Range based method mainly include following parameters:
Sensors calculate absolute point-to-point distance estimates (range) to anchors or angle estimates by utilizing one of the following: a) Time of Arrival (TOA).signal propagation time b) Time Difference of Arrival (TDOA) for ranging. using ultrasound c) Angle of Arrival (AOA) d) Received Signal Strength Indicator (RSSI) Furthermore there is a different class of localization algorithms, named connectivitybased or ³range free´ localization algorithms, which do not need any of the measurement methods in the previous sections. Instead of that they require a connectivity based knowledge, i.e., ³who is within the communications range of whom´ to calculate the positions of the unknown nodes.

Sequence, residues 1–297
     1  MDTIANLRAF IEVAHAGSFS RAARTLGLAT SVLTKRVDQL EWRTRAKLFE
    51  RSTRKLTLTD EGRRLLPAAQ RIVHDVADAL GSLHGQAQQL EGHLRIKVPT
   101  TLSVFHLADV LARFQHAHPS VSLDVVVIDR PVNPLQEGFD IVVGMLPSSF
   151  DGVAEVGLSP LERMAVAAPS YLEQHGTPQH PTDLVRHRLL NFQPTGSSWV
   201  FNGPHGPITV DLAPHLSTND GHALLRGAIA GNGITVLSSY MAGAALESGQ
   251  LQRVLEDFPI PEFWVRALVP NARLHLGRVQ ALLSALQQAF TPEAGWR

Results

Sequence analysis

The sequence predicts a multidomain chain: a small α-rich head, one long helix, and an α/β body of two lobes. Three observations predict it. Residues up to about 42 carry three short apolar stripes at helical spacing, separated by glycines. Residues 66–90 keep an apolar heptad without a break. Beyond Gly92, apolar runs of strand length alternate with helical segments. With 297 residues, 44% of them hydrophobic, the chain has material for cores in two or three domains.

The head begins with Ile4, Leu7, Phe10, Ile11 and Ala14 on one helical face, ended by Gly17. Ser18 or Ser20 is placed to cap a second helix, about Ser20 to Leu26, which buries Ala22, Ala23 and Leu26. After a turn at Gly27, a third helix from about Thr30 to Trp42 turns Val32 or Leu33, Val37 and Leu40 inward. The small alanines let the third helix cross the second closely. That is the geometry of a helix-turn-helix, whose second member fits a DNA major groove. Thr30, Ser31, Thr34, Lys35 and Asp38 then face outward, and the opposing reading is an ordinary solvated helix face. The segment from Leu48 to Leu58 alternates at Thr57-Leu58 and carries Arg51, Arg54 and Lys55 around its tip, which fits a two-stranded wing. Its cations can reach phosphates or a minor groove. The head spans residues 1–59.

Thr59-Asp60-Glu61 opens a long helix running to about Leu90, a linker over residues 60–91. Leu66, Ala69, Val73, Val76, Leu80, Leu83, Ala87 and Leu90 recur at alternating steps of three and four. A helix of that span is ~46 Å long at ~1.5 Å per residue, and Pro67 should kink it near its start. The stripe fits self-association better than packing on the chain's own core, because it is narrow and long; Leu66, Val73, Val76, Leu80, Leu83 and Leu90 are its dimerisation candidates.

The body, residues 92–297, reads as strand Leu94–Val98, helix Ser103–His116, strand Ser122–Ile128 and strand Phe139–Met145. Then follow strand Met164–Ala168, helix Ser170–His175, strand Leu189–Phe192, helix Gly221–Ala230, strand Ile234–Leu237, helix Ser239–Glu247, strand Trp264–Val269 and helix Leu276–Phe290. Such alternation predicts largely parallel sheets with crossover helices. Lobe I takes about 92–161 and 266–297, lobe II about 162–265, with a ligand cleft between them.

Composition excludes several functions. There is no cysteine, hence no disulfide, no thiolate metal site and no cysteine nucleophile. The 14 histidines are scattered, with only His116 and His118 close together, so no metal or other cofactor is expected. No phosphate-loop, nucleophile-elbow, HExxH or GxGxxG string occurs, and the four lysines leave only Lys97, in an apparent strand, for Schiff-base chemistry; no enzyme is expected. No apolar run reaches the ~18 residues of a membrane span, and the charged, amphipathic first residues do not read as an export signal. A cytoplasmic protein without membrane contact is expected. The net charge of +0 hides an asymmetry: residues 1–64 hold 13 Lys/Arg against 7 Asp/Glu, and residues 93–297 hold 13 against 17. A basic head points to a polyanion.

Range free localization techniques:
Sensors never estimate the absolute point to-point distance between anchors and the sensors. So that the advantage of the range free localization is cheap sensor hardware and Low computational power.

Range-Free Localization Methods
a) DV-HOP Localization b) Centroid Localization c) APIT (Approximate Point-In-Triangle test).

DV-HOP Localization
(a) Each anchor broadcasts a packet with its location and a hop count, initialized to one. (b) The hop-count is incremented by each node as the packet is forwarded. (c) Maintain a running hop count from beacon nodes. (d) Find the average hop length. (e) Each node maintains a table of minimum hop-count distances to each anchor. Anchors perform this task by obtaining location and hop count information for all other anchors inside the network. The average single hop distance is then estimated by anchor I using the following formula. Where hj= distance in hops from j to anchor i.